Think Kindness to Benefit Others — and Even Yourself

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Think Kindness is a non-profit organization that sparks Kindness Movements in schools and communities across the U.S. But the effects of these acts of kindness are more than just emotional. Local doctors assert: They are good for body, mind and spirit. 

think kindness chain

“I think it is important to do this because it makes other people happy, and that will make me happy,” learned Student Juan Garcia.

Students at Lincoln Park Elementary School took on a challenge to record their kind acts. The result: a 475-foot-long paper chain of good deeds. Local Think Kindness Founder Brian Williams, whose non-profit organization promotes kindness in schools around the United States, held an assembly at the school to get the children into the competition of kind acts and to collect used shoes for children in Africa.

Student Mauricio Lopez-Barajas says, “It helps other people when I be kind to them, and it helps change the world.”

Watch as Students Learn How to Think Kindness, Year-Round


Renown Medical Director of Integrative Medicine, Howard Chen, MD, agrees that kindness makes the whole world work a little more smoothly and improves our health in a number of ways. 

“Kindness benefits the neurotransmitters (brain chemicals that communicate information throughout our brain and body), specifically things like oxytocin, which promotes bonding and the feeling of love, as well as serotonin, which promotes the feeling of overall well-being,” explains Dr. Chen.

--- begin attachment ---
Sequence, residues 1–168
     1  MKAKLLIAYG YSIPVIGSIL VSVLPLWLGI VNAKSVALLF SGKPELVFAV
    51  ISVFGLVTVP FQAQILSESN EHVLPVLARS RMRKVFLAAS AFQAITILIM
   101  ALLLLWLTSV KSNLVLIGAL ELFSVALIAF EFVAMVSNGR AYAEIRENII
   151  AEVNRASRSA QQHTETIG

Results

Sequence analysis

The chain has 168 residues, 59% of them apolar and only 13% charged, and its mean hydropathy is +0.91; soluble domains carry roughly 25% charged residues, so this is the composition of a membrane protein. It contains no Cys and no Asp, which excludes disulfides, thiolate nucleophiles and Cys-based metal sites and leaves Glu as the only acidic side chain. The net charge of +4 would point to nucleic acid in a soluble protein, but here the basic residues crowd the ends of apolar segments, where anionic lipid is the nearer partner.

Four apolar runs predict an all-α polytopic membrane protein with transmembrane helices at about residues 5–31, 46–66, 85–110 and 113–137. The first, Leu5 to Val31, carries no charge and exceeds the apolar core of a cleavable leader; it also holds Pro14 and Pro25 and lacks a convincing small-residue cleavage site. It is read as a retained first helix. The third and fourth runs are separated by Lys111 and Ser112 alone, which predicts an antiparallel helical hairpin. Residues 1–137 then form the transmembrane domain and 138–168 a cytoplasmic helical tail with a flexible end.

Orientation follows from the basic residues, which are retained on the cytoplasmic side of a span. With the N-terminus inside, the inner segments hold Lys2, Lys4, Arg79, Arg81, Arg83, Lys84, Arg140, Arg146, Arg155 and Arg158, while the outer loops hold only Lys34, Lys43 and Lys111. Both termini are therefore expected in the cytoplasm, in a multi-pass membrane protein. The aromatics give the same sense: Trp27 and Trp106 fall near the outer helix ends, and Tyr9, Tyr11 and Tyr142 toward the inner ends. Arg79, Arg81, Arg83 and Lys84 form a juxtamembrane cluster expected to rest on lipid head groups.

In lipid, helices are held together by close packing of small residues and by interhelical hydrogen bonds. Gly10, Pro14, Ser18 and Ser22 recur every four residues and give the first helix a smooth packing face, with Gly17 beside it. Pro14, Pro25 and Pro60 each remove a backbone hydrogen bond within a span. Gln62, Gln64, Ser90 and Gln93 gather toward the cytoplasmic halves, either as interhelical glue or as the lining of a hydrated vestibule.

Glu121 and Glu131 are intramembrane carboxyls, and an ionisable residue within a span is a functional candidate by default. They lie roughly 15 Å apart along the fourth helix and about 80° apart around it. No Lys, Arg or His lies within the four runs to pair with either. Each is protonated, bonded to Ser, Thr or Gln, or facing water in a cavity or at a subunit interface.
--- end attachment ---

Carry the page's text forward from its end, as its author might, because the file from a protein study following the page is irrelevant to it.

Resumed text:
Think Kindness is a non-profit organization that sparks Kindness Movements in schools and communities across the United States. They have gathered a team of dynamic and inspirational speakers and thought leaders to create programs that not only talk about being kind, but inspire people to take action.
 
“…The goal is that the charge actually seeps out of the school walls and into the community,” Brian says. “During the assembly, they learned about children their very own age that were denied the right to attend school for the mere fact that they can afford a pair of shoes, and so for them to go into their closets and take out the shoes they don’t wear anymore and to know that a child their age halfway around the world can be allowed to go to school just showcases that you can make a difference in someone’s life without money.”
 
The Washoe County School District Redfield Community Outreach Program makes the Think Kindness program possible through grant dollars.

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